Definitions

from The American Heritage® Dictionary of the English Language, 4th Edition

  • n. An artificially created jet or stream of water.
  • n. A structure, often decorative, from which a jet or stream of water issues.
  • n. A spring, especially the source of a stream.
  • n. A reservoir or chamber containing a supply of liquid that can be siphoned off as needed.
  • n. A soda fountain.
  • n. A drinking fountain.
  • n. A point of origin or dissemination; a source: the library, a fountain of information.
  • transitive v. To flow or cause to flow like a fountain.

from Wiktionary, Creative Commons Attribution/Share-Alike License

  • n. A spring, natural source of water.
  • n. An artificial, usually ornamental, water feature (usually in a garden or public place) consisting of one or more streams of water originating from a statue or other structure.
  • n. The structure from which an artificial fountain issues
  • n. A reservoir from which liquid can be drawn.
  • n. A source, origin of a flow (e.g. of favors, of knowledge).
  • n. A juggling pattern typically done with an even number of props where each prop is caught by the same hand that thows it.
  • n. A soda fountain.
  • v. To flow or gush as if from a fountain.

from the GNU version of the Collaborative International Dictionary of English

  • n. A spring of water issuing from the earth.
  • n. An artificially produced jet or stream of water; also, the structure or works in which such a jet or stream rises or flows; a basin built and constantly supplied with pure water for drinking and other useful purposes, or for ornament.
  • n. A reservoir or chamber to contain a liquid which can be conducted or drawn off as needed for use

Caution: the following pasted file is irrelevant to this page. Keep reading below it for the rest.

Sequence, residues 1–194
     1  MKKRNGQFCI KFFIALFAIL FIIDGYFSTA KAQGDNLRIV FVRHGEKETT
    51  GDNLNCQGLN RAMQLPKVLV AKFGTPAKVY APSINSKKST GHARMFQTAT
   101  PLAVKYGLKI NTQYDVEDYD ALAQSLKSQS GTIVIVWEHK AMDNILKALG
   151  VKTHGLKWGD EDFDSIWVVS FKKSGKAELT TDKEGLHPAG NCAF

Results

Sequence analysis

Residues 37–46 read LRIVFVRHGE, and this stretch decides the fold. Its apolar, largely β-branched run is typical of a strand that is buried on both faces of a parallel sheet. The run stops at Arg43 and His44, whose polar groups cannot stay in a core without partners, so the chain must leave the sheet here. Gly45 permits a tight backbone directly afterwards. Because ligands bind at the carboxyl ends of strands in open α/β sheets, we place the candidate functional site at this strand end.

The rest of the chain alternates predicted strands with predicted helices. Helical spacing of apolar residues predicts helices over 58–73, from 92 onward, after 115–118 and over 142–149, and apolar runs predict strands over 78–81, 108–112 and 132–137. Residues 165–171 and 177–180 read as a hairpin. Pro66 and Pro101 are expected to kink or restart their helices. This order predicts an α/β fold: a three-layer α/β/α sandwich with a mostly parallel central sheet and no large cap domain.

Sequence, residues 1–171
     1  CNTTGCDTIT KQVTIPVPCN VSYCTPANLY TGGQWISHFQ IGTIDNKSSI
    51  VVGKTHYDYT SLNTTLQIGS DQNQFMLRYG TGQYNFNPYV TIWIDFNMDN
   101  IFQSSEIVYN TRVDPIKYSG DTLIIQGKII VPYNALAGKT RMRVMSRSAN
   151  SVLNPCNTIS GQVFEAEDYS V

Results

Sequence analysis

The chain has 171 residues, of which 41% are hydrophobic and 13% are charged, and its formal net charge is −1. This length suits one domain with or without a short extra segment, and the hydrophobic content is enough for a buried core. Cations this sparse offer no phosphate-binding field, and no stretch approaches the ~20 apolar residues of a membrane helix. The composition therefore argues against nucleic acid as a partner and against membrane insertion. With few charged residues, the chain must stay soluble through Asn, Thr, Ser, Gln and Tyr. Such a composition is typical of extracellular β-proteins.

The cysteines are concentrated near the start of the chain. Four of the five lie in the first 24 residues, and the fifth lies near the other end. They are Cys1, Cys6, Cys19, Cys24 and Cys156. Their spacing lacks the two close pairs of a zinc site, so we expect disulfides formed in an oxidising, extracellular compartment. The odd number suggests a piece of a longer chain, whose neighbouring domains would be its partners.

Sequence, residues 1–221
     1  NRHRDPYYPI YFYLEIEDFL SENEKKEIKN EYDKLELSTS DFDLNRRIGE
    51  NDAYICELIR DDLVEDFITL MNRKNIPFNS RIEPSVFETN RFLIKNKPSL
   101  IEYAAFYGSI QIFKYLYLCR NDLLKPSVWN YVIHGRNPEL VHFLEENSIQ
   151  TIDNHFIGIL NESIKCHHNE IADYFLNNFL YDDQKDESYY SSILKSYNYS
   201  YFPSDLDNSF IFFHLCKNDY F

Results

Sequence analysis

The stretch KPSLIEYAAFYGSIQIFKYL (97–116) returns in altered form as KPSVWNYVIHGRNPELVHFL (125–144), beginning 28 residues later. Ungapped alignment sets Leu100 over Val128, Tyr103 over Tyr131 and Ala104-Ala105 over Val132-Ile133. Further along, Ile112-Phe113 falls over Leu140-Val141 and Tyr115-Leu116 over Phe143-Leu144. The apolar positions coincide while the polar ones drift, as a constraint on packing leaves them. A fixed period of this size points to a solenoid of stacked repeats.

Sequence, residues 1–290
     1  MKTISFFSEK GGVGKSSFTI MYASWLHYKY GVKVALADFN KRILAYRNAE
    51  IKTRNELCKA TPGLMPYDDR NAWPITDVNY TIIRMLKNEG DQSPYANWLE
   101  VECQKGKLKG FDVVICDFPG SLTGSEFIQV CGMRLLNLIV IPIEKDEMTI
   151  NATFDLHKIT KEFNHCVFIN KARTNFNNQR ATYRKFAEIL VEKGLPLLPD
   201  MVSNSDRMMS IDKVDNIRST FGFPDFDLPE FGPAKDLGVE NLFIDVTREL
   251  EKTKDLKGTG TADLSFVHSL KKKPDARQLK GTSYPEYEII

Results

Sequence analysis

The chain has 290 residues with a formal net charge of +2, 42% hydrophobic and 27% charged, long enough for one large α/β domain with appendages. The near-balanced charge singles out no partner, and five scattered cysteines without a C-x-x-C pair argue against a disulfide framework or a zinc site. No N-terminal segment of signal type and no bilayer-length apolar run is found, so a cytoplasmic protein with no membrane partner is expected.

• n. The source from which anything proceeds, or from which anything is supplied continuously; origin; source.

from The Century Dictionary and Cyclopedia

  • n. A natural spring or source of water; the source or head of a stream.
  • n. An artificial basin or tank for receiving a flow of living water, from which it may be drawn for any use, or from which by the force of its own pressure it may rise or spout through orifices in jets or showers.
  • n. Origin; first source; cause.
  • n. In her.: A roundel, barry wavy of six argent and azure, or more rarely having a greater number of barrulets.
  • n. The representation of an ordinary architectural fountain with basin, etc.
  • n. A tin-lined copper holder used in transporting aërated waters, or the combination of ornamental faucets and syrup-holders from which such” waters are drawn; a soda-fountain.
  • n. The ink-holder of a printing-press.
  • n. The supply-chamber of a fountain-pen or of a fountain-inkstand, or the reservoir for oil in certain kinds of lamps, etc.
  • n. A fountain-shell or watering-pot shell; any shell of the genus Aspergillum.

from WordNet 3.0 Copyright 2006 by Princeton University. All rights reserved.

  • n. a natural flow of ground water
  • n. a structure from which an artificially produced jet of water arises
  • n. an artificially produced flow of water
  • n. a plumbing fixture that provides a flow of water

Etymologies

Middle English, from Old French fontaine, from Late Latin fontāna, from Latin, feminine of fontānus, of a spring, from fōns, font-, spring.
(American Heritage® Dictionary of the English Language, Fourth Edition)
From Middle English; from Old French fontaine (=modern); from Late Latin fontana, from Latin fontanus, fontaneus, adjectives from fons ("spring, source") (Wiktionary)

Examples

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  • In Heraldry: A roundel, barry wavy of six argent and azure, or more rarely having a greater number of barrulets. --Century Dictionary

    October 5, 2011

  • A type of fireworks
    Single tube fountains consist of a cardboard tube (which may be inside of a cone) that stands vertically on a plastic base. The tube is charged with a composition designed to make lots of sparks, flame, and gas. At the end of the tube there is a clay plug with a hole drilled into it, forming what is known as a "choke". Without a choke, the fountain would only give off a weak spray of sparks. With a choke, however, a lot of pressure builds up inside of the tube, which forces the gas and sparks out of the fountain with a much greater velocity. Very small fountain tubes (i.e., 1/4 in diameter) don't require chokes.
    The fountain composition is often layered as to produce different effects at different stages in the burning. For instance, one layer may burn to produce orange sparks, followed by a layer that produces white sparks and green star fragments.

    pyrouniverse.com

    February 18, 2008

  • The Fountain feeds both
    Swamp and Brook,
    but most have the former
    for the latter mistook.

    January 5, 2007